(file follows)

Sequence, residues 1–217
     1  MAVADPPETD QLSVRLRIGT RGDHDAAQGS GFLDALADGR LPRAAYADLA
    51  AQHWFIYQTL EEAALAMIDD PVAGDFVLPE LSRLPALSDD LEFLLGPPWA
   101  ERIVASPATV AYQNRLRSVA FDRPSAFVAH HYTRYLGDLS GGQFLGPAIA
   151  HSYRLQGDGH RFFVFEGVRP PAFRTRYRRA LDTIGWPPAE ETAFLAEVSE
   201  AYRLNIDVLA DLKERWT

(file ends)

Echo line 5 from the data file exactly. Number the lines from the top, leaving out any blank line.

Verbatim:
   151  HSYRLQGDGH RFFVFEGVRP PAFRTRYRRA LDTIGWPPAE ETAFLAEVSE